In summary, what do you think are the driving factors in deciding to “go representative?” Cost of sales? Influence and reach in the industry? Ability to drive growth? A representative strategy is becoming more and more attractive in today’s dynamic reality. It is time we stopped thinking about the way things were, and look at what is happening in the market. Customers want hyper-responsive support, and a manufacturer’s representative is very often closer to the customer than anyone else can be.
Kingsland Coombs, CPMR, CSP
Control Sales Inc.
Sr. Vice President at Large
I am pleased to announce some updates to the ERA White Pin and its relaunched internship program.
If you have not heard already, Mark Motsinger will be stepping down as White Pin chair. His dedication to the cause and his leadership was immeasurable and he will be missed. However, he will always be available to us as a resource, so his brainpower is a phone call away.
The White Pin management will transition to me, with the fundamental purpose of White Pin unchanged. It will remain dedicated to recognizing and embrace ERA members who have put in their service at the national level. White Pin emerged years ago as an education platform and, going forward, we will relaunch this ambition with the ERA White Pin internship program. This program will be under the ERA XCOM umbrella with Ellen Coan, senior vice president of education for ERA, as its formal adviser, and me working directly with Ellen and the ERA staff.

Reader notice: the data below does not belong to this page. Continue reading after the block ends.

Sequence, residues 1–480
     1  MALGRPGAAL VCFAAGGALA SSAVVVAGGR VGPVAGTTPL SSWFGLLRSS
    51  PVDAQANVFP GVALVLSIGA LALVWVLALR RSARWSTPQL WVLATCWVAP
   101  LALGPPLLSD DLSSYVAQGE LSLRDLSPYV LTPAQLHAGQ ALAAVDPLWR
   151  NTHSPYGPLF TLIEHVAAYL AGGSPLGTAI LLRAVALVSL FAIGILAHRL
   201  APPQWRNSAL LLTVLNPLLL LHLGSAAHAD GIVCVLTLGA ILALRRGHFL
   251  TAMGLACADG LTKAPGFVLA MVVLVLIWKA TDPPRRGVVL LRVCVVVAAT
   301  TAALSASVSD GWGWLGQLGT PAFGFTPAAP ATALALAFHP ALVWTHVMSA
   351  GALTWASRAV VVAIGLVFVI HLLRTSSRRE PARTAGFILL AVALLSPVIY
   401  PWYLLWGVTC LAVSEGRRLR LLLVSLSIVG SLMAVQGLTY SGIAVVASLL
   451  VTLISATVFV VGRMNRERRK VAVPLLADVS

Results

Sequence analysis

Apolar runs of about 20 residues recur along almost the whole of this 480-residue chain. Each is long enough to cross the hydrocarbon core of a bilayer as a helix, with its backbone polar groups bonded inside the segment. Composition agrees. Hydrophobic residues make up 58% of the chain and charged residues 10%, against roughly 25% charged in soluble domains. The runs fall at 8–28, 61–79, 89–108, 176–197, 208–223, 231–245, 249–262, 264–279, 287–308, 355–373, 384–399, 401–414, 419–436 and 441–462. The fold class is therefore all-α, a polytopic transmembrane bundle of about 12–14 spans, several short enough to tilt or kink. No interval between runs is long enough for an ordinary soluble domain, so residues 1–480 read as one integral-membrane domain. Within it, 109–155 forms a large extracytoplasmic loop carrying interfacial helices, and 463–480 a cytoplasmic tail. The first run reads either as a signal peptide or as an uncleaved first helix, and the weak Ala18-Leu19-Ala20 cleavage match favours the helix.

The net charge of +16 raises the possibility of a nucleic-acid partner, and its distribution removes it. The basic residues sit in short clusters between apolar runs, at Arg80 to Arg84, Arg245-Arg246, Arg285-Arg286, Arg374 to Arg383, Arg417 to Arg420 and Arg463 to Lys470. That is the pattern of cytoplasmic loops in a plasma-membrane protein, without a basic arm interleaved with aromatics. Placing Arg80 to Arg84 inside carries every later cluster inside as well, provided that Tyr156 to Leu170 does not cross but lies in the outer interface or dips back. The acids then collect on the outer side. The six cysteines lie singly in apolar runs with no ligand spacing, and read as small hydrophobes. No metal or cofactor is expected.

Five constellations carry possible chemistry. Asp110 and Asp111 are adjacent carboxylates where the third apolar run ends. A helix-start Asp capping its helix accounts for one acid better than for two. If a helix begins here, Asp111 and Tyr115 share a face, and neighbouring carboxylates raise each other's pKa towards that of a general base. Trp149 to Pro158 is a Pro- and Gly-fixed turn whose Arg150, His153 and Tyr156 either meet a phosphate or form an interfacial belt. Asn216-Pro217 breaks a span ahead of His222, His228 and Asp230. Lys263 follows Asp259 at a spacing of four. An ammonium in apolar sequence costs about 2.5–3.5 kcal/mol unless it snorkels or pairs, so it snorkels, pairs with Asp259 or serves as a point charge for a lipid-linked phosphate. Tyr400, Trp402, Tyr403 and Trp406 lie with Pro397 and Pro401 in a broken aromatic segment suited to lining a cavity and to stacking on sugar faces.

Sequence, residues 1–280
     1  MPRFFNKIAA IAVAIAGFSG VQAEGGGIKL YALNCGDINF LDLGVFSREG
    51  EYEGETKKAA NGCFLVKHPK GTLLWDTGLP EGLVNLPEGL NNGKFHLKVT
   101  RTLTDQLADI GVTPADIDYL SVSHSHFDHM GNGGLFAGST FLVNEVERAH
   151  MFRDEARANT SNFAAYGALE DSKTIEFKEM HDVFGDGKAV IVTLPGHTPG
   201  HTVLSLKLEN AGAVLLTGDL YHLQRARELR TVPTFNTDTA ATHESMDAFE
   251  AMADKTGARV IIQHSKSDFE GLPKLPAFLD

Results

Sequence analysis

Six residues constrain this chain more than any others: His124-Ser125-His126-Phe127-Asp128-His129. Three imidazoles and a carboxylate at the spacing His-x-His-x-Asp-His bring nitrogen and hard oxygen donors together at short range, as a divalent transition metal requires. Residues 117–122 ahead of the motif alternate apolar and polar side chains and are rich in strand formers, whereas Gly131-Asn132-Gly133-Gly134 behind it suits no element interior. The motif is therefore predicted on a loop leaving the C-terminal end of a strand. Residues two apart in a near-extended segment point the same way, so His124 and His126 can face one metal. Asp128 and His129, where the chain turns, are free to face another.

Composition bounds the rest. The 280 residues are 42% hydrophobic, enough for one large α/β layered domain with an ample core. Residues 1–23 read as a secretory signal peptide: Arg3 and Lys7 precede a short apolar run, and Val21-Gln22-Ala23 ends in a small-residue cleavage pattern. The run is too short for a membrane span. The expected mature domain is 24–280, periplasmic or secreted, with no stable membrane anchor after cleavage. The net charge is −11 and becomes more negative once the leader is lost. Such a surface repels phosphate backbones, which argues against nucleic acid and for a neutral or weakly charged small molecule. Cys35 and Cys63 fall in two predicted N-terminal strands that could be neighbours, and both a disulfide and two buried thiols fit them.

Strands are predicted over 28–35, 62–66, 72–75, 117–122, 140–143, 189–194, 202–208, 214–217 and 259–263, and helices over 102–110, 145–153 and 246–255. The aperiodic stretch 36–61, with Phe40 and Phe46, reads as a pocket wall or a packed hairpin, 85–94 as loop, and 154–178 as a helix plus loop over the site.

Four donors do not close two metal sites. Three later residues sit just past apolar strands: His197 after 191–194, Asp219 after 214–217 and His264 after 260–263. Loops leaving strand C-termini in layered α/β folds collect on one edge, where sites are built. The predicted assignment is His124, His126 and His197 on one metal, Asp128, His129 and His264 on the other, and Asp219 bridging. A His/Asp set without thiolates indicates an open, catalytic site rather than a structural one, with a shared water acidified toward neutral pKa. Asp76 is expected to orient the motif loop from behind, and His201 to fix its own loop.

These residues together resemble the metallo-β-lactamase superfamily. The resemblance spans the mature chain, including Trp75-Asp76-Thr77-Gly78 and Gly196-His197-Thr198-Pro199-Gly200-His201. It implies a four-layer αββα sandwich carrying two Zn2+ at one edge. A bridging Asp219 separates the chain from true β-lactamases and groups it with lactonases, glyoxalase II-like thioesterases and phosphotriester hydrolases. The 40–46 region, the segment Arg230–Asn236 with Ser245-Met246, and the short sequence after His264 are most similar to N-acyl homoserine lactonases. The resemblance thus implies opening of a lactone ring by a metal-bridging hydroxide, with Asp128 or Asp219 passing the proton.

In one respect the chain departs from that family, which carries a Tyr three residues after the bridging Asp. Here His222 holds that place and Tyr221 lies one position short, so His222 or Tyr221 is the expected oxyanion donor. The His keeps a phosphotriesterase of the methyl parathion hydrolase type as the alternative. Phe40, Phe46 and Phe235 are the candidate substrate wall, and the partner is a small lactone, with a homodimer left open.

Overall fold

We still start the program slowly and focus on only a few interns for 2022 as we try to perfect the model. The goal is to launch the program formally by end of March as we know the window for internship applications is closing quickly.
ERA White Pin will subsidize a small number of Summer 2022 rep internships, typically 8-10 weeks. Depending on its success, the program will ramp up for 2023. Reps will need to submit applications to qualify for the subsidy. Reps who are interested in the program are encouraged to contact the placement offices of their local colleges and universities. ERA will provide the content to aid in the process.
ERA has developed an application form for rep companies to be used to describe the need and requirements of their intern position. The application form will include:
• Brief description of the rep firm
• Brief description of the intern position project or position/duties
• Goal of intern hire (temporary help, looking to fill open position, give back to community, etc.)
• Identification of local colleges or technical schools to target
• Preferred academic majors
• Skills or qualifications; education requirements
The application will be reviewed/vetted by the ERA committee.
Recruit and hire the intern
Rep firms can work with the ERA as needed to create the job post. ERA will help the rep firms vet and select applicants.
Rep firms will also post the job on their website and social media and look for referrals from industry, friends and family.